Between the Streets and the Assembly: South Korean Social Movements before and after Democratization


Welcome to the third NIAS-Korea episode! In this episode, we invite Prof. Yoonkyung Lee to discuss social movements in South Korea. Since its founding, South Korea has had a longstanding social movement history. One cannot fully understand the country’s democratic history without discussing the dynamics of social movements. Yoonkyung explains the main actors of social movements and social movement organizations (SMOs) before and after democratization in the country. She also discusses labor movements and civil society’s demand for economic justice before the democratic transition and how that voice evolved after democratization. If you are interested in the various aspects of the social movements of the country, please join us. Her new book, which is the gist of her extensive research on South Korean social movement, is available here.

About the speaker

Yoonkyung is a professor in the department of sociology at the University of Toronto and a political scientist. She is the author of two books and many journal articles. Her first book, Militants or Partisans: Labor Unions and Democratic Politics in Korea and Taiwan, published with Stanford University Press, explores labor movements in South Korea and Taiwan. Her second book, Between the Streets and the Assembly: Social Movements, Political Parties, and Democracy in Korea, is published this year with the University of Hawaii Press.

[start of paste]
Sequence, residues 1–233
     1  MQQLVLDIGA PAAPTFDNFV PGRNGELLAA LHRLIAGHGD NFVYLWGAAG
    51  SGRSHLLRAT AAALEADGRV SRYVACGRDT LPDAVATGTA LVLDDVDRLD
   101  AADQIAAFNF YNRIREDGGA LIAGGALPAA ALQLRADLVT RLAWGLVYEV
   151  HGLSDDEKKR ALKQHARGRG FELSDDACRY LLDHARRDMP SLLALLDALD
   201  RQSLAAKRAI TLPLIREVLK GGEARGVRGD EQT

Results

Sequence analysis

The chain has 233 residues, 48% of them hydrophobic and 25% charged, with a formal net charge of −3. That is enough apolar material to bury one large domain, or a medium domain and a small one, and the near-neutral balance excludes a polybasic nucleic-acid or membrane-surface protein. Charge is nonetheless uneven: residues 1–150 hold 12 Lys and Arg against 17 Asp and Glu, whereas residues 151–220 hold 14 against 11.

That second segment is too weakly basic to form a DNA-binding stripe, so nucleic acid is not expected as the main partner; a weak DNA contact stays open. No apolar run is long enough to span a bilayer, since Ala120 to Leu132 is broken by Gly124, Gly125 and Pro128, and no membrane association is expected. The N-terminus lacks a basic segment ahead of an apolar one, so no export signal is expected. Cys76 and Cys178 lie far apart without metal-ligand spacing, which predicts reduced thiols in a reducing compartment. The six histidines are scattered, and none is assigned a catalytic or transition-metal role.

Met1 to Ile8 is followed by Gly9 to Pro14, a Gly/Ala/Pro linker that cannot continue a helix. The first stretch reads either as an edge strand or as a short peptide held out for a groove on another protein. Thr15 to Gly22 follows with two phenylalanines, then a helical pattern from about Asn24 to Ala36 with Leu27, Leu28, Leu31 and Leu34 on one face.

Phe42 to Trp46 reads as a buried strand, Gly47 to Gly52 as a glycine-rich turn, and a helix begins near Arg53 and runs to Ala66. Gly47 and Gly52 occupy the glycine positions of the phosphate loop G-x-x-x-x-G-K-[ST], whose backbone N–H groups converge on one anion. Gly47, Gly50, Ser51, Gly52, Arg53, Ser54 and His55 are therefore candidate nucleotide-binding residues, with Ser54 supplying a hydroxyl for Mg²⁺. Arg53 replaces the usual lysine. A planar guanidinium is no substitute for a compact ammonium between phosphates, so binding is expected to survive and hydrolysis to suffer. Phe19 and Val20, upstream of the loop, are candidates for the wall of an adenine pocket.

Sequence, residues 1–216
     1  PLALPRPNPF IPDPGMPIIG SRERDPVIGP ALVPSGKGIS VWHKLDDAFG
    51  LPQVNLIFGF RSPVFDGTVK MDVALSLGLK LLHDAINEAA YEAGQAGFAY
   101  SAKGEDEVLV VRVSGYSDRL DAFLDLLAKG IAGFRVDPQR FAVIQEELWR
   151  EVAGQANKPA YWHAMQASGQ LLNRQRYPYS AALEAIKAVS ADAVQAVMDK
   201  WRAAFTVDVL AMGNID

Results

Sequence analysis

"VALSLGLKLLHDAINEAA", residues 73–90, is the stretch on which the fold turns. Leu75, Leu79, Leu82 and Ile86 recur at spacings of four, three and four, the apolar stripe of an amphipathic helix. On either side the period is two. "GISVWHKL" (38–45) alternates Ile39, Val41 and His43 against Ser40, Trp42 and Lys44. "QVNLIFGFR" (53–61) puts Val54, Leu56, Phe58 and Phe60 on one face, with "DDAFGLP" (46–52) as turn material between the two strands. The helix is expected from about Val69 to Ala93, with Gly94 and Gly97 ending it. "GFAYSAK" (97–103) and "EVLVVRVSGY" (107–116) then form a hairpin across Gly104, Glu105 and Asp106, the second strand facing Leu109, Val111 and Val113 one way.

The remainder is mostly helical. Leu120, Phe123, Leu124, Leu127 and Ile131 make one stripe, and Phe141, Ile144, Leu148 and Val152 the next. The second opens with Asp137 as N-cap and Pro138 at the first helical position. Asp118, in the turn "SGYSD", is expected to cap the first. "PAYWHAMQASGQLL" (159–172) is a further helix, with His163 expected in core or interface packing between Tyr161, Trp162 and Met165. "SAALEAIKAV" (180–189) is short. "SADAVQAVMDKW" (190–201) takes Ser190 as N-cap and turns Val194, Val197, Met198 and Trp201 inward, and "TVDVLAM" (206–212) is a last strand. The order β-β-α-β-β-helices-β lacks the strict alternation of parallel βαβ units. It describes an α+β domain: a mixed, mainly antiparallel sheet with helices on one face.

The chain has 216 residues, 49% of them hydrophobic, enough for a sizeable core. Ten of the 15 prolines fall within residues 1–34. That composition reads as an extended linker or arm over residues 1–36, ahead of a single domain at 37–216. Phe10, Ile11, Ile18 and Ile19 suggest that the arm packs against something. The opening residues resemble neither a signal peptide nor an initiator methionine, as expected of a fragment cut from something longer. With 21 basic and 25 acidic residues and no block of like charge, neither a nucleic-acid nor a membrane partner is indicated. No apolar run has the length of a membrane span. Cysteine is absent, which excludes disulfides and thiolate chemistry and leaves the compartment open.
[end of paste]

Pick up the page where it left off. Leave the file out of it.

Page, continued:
The Nordic Asia Podcast is a collaboration sharing expertise on Asia across the Nordic region, brought to you by the Nordic Institute of Asian Studies (NIAS) based at the University of Copenhagen, along with our academic partners: the Centre for East Asian Studies at the University of Turku, and Asianettverket at the University of Oslo.

We aim to produce timely, topical and well-edited discussions of new research and developments about Asia.

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Your Host

Myunghee Lee

Myunghee Lee is a Postdoctoral Fellow at the Nordic Institute of Asian Studies (NIAS) in the department of Political Science at the University of Copenhagen. She is also a Non-resident Fellow at the Center for International Trade and Security at the University of Georgia. Her research focuses on protest, authoritarian politics, and democratization. Her regional focus is on China and the Korean Peninsula. Her work appears injournals such as International Security, International Studies Review and Politics & Gender.

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